According to Welsh folklore, wild Welsh poppies (above) don't flourish outside Wales itself, but in fact they can be found throughout the West Country, and in parts of Ireland too. Although the Welsh poppy (Meconopsis cambrica) is somewhat different than the opium poppy (Papaver somniferum), it too is associated with sleep, dreams, the spirit world, and various forms of divination. Yellow poppies must never be brought into the house -- they will cause headaches, storms, or lightning strikes -- but wild poppy seeds placed under a pillow will show a young man or maid their future lover's face, or give the dreamer the answer to any question posed while falling asleep. The seeds can also be carried in one's pocket, or strewn in a circle around one's home, to provide protection from faery enchantments, especially those that cause confusion or memory loss.

Through the meadow gate.

Cuckoo flowers and buttercups

The cuckoo flower (above) is said to herald the first cuckoo of spring. It grows in damp, grassy meadows and bogs, its petals tinted pink or lavendar, and is also known by the names lady's-smock, milkmaid, May flower, and fairy flower. Associated with the revels of May, hedgewitches used various parts of the plant for love potions and fertility spells -- as well as for the opposite: charms intended to keep love and fertility at bay. Cuckoo flower teas and tonics restored appetites diminished by poor health, while also aiding digestion, treating survy, and easing bowel complaints. The leaves, when young, are edible, tasting peppery, like cress.


In the folk tradition of the West Country, buttercups (above) are a benificent plant -- associated with the sun, yellow butter and the dairy, and ease in domestic labor. On May Day, farmers rubbed the udders of their cows with buttercup flowers to increase the yield and richness of their milk; this also protected them from theft by faeries -- who were always eager to improve their herds of fairy cattle by interbreeding with cows from mortal fields. Buttercups are toxic to ingest so medicinal use of the plant is limited, although some old herbals suggest that a poulstice made of the crushed flowers and leaves is helpful in relieving colds, coughs, and bronchial complaints. "Buttercup water," made by infusing the flower petals in water heated by the sun, was used to bathe sore eyes, and "sweeten" the complexion. Buttercups are part of Rananculus family, related to spearwort, crowfoot and lesser celandine. It was once believed that swallows fed their young on a diet of these flowers, giving them prophetic abilities and clear sight.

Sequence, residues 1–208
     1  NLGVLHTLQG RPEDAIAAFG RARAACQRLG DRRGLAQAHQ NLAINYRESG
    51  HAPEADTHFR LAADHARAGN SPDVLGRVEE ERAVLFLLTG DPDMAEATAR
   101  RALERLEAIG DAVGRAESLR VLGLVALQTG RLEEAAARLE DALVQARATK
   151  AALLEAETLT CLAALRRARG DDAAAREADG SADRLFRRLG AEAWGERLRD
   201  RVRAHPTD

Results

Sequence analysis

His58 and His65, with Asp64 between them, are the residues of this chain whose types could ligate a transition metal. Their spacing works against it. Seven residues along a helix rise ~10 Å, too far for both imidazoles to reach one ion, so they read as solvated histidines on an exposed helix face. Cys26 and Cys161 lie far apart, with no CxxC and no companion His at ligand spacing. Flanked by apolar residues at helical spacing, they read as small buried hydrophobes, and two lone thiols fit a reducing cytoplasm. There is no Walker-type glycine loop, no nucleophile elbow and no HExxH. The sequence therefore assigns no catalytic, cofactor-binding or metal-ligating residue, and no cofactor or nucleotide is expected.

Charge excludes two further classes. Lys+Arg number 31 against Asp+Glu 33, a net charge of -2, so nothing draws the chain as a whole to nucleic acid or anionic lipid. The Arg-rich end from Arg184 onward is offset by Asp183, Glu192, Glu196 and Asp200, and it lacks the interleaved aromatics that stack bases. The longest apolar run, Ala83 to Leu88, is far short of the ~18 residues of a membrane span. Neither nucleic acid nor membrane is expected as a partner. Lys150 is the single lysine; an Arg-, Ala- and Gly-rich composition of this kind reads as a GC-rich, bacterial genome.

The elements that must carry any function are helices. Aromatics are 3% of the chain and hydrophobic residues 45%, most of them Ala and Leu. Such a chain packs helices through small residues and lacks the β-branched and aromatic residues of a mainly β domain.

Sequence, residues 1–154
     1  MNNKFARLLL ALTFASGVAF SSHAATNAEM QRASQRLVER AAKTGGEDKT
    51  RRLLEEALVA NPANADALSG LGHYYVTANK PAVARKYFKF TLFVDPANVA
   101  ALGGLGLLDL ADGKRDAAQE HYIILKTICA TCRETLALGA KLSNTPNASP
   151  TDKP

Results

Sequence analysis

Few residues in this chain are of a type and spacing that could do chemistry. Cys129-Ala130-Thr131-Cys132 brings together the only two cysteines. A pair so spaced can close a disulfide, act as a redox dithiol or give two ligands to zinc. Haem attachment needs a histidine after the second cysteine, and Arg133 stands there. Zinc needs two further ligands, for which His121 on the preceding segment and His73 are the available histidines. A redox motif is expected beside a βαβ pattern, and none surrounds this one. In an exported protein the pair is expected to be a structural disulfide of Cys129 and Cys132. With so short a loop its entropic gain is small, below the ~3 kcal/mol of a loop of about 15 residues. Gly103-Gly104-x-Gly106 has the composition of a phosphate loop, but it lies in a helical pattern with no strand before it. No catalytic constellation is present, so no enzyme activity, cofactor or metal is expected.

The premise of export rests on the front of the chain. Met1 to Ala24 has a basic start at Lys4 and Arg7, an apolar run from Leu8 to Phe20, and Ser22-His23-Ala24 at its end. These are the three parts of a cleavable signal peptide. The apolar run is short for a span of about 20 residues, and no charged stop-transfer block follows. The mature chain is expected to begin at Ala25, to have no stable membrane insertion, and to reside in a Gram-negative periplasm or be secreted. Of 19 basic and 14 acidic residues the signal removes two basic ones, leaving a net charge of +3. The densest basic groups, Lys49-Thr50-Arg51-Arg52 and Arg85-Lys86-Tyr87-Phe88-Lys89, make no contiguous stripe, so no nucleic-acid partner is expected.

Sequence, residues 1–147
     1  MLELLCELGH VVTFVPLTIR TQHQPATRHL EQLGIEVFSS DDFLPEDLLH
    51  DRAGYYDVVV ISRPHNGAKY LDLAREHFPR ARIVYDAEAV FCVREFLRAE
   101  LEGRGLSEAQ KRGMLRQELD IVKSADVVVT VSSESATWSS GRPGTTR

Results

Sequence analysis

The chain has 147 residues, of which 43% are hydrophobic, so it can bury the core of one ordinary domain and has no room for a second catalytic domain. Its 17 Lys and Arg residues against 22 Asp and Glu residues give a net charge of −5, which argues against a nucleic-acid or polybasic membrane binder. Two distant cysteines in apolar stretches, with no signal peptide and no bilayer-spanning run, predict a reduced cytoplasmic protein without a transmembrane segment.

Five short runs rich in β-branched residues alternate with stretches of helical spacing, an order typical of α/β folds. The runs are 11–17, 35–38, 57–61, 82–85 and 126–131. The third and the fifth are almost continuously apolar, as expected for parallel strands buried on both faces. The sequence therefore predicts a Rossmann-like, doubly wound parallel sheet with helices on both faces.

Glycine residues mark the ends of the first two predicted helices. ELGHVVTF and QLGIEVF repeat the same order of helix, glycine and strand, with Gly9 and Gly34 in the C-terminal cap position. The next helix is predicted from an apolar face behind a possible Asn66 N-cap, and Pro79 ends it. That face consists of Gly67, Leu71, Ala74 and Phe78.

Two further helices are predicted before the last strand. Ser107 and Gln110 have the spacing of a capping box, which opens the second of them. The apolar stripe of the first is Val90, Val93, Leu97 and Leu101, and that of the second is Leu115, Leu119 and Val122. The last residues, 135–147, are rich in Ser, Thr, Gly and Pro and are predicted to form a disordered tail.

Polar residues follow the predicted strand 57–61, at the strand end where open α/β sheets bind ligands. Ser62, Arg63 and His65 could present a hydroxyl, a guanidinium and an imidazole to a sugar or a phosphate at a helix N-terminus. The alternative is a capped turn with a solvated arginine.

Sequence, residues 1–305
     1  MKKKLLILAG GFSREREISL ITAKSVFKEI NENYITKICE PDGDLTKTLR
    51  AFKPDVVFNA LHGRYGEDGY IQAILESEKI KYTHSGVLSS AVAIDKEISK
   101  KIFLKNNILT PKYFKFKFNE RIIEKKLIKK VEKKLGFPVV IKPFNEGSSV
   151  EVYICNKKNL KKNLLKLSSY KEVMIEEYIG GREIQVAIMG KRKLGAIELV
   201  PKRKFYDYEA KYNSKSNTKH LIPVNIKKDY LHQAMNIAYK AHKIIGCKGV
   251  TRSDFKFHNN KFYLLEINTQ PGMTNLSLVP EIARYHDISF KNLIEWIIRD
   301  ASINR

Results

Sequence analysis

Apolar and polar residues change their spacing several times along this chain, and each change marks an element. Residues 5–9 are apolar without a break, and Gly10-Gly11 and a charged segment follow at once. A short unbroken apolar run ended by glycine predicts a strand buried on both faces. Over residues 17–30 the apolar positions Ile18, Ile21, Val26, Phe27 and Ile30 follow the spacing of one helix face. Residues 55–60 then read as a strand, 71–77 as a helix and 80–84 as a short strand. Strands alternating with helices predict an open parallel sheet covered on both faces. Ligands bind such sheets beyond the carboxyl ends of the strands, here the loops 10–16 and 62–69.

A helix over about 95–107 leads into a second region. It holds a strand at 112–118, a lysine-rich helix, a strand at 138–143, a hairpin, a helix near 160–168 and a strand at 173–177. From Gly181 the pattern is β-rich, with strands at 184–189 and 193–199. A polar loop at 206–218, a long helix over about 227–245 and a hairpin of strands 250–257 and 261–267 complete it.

White stitchwort and hound on Nattadon Hill

Red campion in the bracken and briars.

Red campion (above and below) -- also known as ragged-robin or robin flower -- is associated with Robin Goodfellow (or Puck), a faery Trickster who is charming, sly, amoral, and rather dangerous to encounter. In some parts of country, the picking of campion is discouraged, for this invites the faeries' attention -- but here in the West Country, it's a lucky flower. Campion in the house represents the faeries' blessing, provided it's been picked with care and respect. Red campion is not edible, and its herbal use is limited -- but the roots have been used to make a soap substitute, and the flowers for charms and spells to ward against loneliness. 

Hedgerow flowers

In Norse myth, wild columbine (below) is the flower of Freya, goddess of love, sensuality, and women's independence; in Celtic lore, too, it's a flower associated with women and their Mysteries. Columbine's primary use in hedgerow medicine was as an abortificant: its seeds were ground and mixed wine and other herbs to produce this effect; and then used with wine and a different set of herbs to restore the woman's strength. Also known as Granny's bonnet, lady's shoes, sow wort, and lion's herb, the flower is linked with both the dove and the eagle, with peace and war, and the balancing of opposites: strength in fragility and fragility in strength. Columbine was used for spells invoking courage, wisdom, and clarity in making choices. 

Wild columbine